Despite all the gloom and doom post-election day reporting here in Arizona about Democrats having squandered their voter enthusiasm and record turnout, as we approach all the votes finally being counted it appears that Democrats had a very good night after all in turning Arizona purple.
Democratic Rep. Kyrsten Sinema has won the U.S. Senate seat for Democrats for the first time in almost 30 years, and becomes the first woman to serve Arizona in the U.S. Senate.
Former Rep. Ann Kirkpatrick took back CD 2 for the Democrats, giving Democrats a 5-4 lead in Arizona’s congressional delegation.
Nationally, Democrats have currently picked up 31 seats to take back the Congress, with a number of races still to be counted in which Democrats lead in most of those races. See, FiveThirtyEight, We’re Tracking The Unresolved Midterm Races. Yes, there was a “blue wave” election. Democrats could win 40 House seats, the most since Watergate.
UPDATE: As of November 14, the Democratic lead in the U.S. House popular vote stood at 7.1%, though it may yet inch higher. For comparison purposes, note that in 2010 — which was widely seen as a GOP “wave” cycle — Republicans won the U.S. House popular vote by 6.6%. (h/t Maddow Blog).
While there remain votes to be counted, it is increasingly apparent that Democratic state senator Katie Hobbs will be elected Secretary of State. She currently leads political neophyte and Trumpster Steve Gaynor by 5,667 votes. Hobbs’s vote total has increased with each day of vote counting since election day, and that trend is likely to continue.
Democrat Kathy Hoffman has been declared the winner of the Superintendent of Public Instruction race.
Former Corporation Commissioner Democrat Sandra Kennedy currently leads all candidates for the Arizona Corporation Commission. She will win one of the two seats for the Arizona Corporation Commission.
Prior to 2018, Democrats were shut out of all statewide offices for the past two election cycles. Democrats have now won in three of the seven constitutional statewide offices.
While Democrats failed in their effort to capture the Arizona senate, where Republicans will maintain their 17-13 advantage, Democrats picked up four seats in the Arizona House, narrowing the Republican advantage to a historically low 31-29 advantage.
This should give the GOP House leadership fits, because it empowers every Republican House member to threaten to vote with the Democrats to kill any bill with a tie vote. One would hope that this will encourage the GOP House leadership to work with their Democratic House leadership counterparts in a bipartisan manner, rather than disenfranchising half of Arizona’s citizens represented by Democrats by excluding Democrats, as has been their practice for years.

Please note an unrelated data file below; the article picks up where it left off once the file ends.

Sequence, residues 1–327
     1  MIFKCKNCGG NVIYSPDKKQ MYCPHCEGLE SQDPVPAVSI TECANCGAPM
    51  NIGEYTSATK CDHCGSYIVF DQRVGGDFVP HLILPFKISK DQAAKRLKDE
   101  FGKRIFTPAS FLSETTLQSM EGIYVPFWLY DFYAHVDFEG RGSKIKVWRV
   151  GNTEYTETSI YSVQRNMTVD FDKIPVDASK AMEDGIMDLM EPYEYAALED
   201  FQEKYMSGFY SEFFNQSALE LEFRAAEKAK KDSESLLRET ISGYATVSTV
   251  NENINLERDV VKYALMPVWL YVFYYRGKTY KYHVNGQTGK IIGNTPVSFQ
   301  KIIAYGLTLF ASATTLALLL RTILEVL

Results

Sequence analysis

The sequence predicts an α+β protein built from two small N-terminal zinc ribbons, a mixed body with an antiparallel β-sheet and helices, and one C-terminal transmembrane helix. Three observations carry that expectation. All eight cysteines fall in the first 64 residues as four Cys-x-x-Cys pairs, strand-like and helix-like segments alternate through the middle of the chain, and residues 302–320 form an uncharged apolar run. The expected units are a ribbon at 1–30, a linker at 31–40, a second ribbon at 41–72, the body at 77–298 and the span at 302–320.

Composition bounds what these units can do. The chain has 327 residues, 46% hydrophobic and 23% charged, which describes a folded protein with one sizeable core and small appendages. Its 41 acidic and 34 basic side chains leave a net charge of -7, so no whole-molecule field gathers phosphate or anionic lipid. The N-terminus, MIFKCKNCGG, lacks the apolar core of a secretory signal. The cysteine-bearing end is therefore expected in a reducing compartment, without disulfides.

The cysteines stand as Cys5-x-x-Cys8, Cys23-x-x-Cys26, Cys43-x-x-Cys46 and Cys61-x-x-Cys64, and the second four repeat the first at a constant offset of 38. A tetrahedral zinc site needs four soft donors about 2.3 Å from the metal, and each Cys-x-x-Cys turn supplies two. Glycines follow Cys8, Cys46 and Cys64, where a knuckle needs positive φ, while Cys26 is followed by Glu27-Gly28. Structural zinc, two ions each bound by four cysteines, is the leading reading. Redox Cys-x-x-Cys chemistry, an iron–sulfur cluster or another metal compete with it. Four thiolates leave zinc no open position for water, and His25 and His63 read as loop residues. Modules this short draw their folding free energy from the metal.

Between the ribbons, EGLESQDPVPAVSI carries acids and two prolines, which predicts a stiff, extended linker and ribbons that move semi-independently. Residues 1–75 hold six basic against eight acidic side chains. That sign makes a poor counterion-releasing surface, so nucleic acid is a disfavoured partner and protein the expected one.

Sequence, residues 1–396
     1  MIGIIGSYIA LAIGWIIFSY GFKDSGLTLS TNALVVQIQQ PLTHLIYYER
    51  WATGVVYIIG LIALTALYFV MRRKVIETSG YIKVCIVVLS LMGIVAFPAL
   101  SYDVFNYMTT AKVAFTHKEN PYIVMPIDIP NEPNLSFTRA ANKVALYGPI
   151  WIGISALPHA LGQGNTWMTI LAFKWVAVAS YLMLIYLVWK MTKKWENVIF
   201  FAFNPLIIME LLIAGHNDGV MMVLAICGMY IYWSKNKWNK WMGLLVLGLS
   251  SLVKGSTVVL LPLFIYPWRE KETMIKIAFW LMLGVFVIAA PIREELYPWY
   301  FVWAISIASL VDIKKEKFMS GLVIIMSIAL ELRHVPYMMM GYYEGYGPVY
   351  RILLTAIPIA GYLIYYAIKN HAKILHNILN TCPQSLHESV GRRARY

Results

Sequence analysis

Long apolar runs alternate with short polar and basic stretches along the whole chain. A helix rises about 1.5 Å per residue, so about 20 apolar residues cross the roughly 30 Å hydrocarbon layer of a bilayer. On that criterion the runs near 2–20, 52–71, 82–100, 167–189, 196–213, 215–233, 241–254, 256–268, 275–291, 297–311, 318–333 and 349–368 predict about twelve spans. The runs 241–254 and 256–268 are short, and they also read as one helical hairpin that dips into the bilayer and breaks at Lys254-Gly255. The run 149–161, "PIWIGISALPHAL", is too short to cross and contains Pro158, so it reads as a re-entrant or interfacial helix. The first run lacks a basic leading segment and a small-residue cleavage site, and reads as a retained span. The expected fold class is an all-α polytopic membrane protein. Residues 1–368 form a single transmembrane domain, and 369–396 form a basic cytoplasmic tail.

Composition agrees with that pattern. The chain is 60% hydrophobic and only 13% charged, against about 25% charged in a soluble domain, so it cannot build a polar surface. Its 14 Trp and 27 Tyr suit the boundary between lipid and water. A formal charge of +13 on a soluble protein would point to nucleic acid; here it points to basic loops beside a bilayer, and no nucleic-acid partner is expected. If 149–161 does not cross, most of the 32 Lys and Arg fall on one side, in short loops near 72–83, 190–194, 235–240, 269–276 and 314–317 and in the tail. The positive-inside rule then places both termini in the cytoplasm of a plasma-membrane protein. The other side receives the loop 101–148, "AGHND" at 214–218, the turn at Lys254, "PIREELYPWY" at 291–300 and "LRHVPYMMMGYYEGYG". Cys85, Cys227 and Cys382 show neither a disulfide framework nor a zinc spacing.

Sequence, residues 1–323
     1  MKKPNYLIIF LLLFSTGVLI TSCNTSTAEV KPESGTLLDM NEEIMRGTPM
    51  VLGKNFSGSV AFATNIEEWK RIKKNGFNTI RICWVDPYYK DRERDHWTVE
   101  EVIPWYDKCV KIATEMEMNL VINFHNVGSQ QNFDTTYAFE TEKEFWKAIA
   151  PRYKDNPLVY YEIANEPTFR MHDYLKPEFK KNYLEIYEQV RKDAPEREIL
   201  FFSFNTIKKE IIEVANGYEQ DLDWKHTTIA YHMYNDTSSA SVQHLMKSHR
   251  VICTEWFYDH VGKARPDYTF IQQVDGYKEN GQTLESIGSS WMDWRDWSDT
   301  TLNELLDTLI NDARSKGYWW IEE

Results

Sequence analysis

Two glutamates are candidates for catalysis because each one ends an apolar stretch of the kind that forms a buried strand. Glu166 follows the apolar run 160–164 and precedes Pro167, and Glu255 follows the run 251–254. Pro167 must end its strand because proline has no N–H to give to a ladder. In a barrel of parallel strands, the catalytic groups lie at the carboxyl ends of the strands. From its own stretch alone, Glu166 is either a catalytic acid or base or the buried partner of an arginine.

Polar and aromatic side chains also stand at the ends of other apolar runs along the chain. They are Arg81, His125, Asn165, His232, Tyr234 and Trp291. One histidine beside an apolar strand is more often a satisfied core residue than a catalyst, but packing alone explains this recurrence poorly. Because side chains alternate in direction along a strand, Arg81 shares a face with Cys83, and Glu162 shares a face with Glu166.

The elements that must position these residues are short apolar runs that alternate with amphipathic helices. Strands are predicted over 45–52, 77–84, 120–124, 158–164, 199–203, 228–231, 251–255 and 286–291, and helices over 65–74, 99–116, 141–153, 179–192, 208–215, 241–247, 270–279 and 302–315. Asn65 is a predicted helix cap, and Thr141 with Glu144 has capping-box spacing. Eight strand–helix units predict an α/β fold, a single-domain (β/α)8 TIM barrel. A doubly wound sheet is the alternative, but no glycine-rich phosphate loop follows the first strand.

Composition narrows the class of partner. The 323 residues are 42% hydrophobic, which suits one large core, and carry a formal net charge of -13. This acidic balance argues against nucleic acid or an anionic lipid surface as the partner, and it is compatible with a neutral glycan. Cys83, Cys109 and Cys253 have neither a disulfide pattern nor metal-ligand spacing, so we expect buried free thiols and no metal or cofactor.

And it is not just here in Arizona. The blue wave was big — and significant — in state legislatures:
Democratic gains in state legislatures reclaimed more than 250 of the many seats lost during Barack Obama’s presidency. Democrats took functional control of an additional seven state legislative chambers, while Republicans took control of only one, the Alaska House. In addition, Democrats gained enough seats to deprive Republicans of supermajorities in Michigan, North Carolina and Pennsylvania. This will keep Republicans from having enough votes to override the vetoes of Democratic governors of those states. Democrats achieved supermajorities for themselves in seven chambers.
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The 2018 midterm election set a record for the number of single-party-controlled legislatures. When the new legislators take their seats, only the Minnesota legislature will be divided. The last time the United States had only one divided state legislature was in 1914.
These Democratic gains set the stage for future elections. A majority of the governors holding veto power over redistricting in 2021 are now Democrats. Moreover, in most states where Democrats won control of a legislative chamber on Tuesday, the legislature has a role in the congressional redistricting process — although Colorado voters took this power away from the legislature via the initiative process.
In short, Republican losses in state legislatures were typical for a midterm election, but these losses could translate into larger losses for the party in the future.
Arizona Democrats should feel more encouraged, enthusiastic and energized than ever going into the next election cycle in 2020. The Arizona legislature is within Democrats’ reach for the first time since 1966 (you read that right). Onward and upward!